~ October 2007~

The Gifts of Letting Go

What does letting go really mean?  Why is it difficult to let go of thoughts, feelings, beliefs, roles, people, places and things?  What are the benefits of letting go?

Roberto Assagioli, MD, the founder of Psychosynthesis, said that “we are dominated by whatever we identify with.”  This idea is similar to Buddhist philosophy and other Eastern traditions which propose the notion that the root of human suffering  is attachment.  Attachment binds us.  When we become stuck in a role, for example, and life throws us a curve ball like an accident, illness or any unexpected change, we can spiral down into fear or meaninglessness because we’ve lost an aspect of our identity or something that we thought we must have. Dorothy is a mother of three, devoted to her children and to being an exemplary Mom.  When Josh, her youngest, left home for college at age 18, she faced an identity crisis, commonly known as ‘empty nest syndrome.’  “I don’t know who I am anymore,” said Dorothy.  She had not developed other parts of herself for many years other than her identity as a mother and now her life looked bleak.  Jerome, once a triathlete, suffered a serious injury following a biking accident and was told he would not be able to resume the activities that had given him the most meaning in his life.  Like Dorothy, he felt lost, unable to find purpose or direction. I worked with Jerome to help him unhook from his former identity as a triathlete and turn this loss into an opportunity to develop heretofore unrealized seed potentials.  He was able to move on and is now an antique dealer and does volunteer work for the Special Olympics.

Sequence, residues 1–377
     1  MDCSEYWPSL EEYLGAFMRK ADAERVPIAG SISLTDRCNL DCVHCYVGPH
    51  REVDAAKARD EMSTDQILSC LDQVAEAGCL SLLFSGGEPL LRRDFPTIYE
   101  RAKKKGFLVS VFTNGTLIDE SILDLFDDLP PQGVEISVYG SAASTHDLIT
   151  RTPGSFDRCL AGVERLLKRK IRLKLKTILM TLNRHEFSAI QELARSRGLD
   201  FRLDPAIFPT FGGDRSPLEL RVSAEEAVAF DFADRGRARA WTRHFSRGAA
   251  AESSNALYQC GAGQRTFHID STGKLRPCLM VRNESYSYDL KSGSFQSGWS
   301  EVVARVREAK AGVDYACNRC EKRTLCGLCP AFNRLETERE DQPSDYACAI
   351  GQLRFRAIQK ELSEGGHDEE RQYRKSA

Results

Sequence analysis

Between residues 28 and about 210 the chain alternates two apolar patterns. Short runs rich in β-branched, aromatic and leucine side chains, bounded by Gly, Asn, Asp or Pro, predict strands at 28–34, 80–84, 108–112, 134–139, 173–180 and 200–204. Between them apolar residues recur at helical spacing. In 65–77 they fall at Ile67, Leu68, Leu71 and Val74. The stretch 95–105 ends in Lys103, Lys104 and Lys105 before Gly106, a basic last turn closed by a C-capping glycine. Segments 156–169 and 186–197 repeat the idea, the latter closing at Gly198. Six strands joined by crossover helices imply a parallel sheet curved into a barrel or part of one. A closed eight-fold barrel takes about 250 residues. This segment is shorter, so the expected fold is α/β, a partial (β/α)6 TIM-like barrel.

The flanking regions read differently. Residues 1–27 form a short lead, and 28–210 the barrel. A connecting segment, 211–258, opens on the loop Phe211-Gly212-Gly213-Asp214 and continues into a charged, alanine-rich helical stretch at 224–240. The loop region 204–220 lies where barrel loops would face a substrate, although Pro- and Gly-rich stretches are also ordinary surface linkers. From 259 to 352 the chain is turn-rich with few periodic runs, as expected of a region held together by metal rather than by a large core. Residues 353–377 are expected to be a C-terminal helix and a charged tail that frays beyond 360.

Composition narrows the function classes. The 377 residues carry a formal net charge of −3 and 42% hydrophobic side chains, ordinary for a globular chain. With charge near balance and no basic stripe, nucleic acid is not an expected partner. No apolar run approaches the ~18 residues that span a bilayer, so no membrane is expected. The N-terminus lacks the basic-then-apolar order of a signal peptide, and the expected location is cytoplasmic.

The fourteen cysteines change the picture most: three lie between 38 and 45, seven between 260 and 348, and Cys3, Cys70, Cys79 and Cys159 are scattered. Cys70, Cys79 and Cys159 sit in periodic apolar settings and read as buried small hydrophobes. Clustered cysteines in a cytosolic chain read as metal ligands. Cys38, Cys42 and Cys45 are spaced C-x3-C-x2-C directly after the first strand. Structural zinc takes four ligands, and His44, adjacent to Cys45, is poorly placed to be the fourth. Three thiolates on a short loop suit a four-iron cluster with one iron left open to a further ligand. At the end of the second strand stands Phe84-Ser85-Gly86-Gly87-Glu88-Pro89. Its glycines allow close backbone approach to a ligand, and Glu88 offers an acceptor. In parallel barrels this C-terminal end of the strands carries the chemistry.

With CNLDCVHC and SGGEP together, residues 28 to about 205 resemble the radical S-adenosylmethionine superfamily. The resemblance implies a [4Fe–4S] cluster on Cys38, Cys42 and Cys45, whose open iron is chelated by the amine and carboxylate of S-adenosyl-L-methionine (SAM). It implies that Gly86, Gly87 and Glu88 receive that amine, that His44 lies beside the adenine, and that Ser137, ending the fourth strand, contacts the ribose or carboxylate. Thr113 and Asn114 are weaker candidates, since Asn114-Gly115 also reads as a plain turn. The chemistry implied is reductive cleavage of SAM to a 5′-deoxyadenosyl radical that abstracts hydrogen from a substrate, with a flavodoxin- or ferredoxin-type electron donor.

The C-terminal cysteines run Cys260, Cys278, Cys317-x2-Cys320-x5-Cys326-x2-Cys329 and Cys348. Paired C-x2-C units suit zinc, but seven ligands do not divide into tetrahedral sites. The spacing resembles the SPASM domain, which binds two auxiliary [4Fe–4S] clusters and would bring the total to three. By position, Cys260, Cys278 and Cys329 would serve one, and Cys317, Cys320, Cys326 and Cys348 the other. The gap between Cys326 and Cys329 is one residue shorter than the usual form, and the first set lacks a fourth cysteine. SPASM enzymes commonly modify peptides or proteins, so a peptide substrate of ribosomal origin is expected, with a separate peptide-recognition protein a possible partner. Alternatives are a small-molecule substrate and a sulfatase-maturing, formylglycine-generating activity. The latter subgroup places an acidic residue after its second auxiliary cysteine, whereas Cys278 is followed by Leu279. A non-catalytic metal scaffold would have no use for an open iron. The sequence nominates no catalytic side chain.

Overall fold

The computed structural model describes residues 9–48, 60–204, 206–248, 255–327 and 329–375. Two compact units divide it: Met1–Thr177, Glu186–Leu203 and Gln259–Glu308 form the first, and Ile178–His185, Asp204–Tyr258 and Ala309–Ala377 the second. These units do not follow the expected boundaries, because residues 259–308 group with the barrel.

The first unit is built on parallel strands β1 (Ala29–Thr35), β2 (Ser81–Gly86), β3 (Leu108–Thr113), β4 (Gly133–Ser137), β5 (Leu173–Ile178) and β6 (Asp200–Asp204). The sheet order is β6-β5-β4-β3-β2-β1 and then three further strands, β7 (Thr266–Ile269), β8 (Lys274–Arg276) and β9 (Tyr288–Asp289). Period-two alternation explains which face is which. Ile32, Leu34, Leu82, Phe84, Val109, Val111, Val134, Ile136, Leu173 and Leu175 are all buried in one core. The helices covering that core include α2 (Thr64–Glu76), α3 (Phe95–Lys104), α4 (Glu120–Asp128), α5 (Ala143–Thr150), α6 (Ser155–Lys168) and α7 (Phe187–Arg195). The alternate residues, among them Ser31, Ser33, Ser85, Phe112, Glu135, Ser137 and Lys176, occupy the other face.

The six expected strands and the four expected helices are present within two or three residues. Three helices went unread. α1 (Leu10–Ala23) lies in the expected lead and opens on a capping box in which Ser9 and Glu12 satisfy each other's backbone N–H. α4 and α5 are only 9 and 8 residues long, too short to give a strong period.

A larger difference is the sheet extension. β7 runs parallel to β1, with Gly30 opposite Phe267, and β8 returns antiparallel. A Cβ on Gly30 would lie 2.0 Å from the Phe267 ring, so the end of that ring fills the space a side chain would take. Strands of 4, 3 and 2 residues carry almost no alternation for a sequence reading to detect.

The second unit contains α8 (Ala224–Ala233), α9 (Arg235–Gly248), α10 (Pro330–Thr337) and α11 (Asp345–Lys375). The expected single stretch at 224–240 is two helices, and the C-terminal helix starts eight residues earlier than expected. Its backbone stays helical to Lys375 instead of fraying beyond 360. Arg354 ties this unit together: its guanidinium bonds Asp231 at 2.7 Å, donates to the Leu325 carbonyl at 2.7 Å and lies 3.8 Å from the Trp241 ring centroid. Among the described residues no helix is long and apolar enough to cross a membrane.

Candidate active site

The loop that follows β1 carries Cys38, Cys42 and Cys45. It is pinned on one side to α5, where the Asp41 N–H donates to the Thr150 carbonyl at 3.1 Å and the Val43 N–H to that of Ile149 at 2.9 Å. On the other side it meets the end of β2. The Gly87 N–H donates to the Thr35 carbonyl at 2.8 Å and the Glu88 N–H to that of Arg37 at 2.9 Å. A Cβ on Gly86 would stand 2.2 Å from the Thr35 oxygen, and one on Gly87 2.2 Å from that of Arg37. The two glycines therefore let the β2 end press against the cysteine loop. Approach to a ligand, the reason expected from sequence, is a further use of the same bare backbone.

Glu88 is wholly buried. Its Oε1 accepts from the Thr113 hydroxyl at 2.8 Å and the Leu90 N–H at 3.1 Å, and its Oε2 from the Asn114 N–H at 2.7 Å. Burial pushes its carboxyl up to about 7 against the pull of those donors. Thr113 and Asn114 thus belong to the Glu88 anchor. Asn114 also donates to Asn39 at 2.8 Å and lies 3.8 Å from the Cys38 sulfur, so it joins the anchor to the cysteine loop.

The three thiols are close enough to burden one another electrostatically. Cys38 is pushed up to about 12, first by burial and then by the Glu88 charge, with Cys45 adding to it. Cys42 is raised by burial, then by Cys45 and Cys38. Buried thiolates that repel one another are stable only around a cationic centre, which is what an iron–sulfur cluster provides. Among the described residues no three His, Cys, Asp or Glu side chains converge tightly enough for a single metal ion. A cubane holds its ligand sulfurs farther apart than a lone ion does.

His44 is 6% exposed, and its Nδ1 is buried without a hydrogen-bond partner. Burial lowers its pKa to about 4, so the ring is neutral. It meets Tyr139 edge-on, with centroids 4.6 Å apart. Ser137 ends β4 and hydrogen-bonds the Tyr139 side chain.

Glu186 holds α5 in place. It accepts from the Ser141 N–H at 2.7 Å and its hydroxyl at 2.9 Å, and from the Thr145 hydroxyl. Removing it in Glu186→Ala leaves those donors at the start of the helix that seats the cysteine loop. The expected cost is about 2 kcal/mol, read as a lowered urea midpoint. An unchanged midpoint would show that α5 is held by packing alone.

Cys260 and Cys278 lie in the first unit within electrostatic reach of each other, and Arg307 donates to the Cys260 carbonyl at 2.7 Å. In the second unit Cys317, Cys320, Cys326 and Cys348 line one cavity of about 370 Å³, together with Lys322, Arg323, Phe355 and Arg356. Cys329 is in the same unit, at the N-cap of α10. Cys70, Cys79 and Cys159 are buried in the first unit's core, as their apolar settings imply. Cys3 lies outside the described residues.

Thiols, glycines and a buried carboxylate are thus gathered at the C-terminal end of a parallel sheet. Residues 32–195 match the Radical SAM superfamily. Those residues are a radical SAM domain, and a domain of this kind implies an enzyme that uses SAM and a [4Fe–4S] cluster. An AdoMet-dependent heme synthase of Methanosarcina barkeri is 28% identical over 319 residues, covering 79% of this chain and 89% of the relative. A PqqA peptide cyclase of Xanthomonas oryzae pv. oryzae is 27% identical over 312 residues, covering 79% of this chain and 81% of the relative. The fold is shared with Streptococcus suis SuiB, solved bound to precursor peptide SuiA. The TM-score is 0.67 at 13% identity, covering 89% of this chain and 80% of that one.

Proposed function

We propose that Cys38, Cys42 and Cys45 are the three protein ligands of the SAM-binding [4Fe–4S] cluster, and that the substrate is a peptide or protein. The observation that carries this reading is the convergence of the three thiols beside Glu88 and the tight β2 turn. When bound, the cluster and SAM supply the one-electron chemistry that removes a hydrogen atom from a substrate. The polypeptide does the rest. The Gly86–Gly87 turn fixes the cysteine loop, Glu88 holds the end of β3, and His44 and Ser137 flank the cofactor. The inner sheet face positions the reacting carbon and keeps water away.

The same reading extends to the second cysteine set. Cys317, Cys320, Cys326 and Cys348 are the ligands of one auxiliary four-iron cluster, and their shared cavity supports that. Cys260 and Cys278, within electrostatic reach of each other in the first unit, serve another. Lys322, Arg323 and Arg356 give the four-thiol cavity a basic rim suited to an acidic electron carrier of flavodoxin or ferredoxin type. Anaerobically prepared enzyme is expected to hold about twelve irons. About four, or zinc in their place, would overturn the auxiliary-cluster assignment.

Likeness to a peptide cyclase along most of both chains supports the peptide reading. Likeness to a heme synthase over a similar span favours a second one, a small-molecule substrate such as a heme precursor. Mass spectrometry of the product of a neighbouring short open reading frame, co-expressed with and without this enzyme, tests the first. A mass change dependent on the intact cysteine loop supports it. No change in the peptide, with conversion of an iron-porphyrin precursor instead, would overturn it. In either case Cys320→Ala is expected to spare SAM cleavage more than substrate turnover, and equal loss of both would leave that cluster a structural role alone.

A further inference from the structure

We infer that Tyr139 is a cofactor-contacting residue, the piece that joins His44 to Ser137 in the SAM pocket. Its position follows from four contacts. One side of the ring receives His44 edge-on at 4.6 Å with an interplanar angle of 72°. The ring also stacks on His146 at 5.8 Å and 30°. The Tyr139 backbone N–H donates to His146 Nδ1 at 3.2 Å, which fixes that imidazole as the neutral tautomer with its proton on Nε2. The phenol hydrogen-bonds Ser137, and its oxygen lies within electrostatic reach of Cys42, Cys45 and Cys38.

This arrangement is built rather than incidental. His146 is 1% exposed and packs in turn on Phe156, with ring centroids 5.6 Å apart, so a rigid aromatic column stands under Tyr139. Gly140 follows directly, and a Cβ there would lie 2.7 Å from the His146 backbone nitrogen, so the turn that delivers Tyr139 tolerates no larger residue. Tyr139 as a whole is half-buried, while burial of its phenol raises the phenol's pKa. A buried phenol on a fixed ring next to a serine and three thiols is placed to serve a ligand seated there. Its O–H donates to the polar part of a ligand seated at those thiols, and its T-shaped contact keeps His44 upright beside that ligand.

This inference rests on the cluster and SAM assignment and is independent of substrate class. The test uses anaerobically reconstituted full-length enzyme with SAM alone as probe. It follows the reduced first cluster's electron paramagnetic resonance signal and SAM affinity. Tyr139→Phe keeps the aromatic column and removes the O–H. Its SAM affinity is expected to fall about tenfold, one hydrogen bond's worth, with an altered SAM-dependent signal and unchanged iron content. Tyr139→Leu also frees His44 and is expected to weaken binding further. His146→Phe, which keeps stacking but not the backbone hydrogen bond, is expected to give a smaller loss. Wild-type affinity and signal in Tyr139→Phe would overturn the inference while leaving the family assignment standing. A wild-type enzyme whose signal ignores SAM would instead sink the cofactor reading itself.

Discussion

Identification keeps us from being able to access our full potentials.  Some people are so identified with their bodies, feelings or mind that they have little, if any, connection to spirit. On the other hand, we can even be overly identified with spirit, neglecting to honor our humanness, which includes our bodies and feelings.  John Welwood, Ph.D. coined the term ‘spiritual bypassing’ to refer to the tendency to turn to the light as a way to override feelings or, perhaps, turn our backs on uncomfortable realities that we don’t want to face.  I call this ‘the flight to light.’  Of course, it is important to cultivate our spiritual identity.  As the unchanging, infinite core of our being, spirit is not subject to the unpredictable world of impermanence.  But if we ignore or deny or humanness, we will feel split instead of whole.  A whole spirituality is an embodied spirituality where we say Yes! to our human nature as well as our transcendent nature.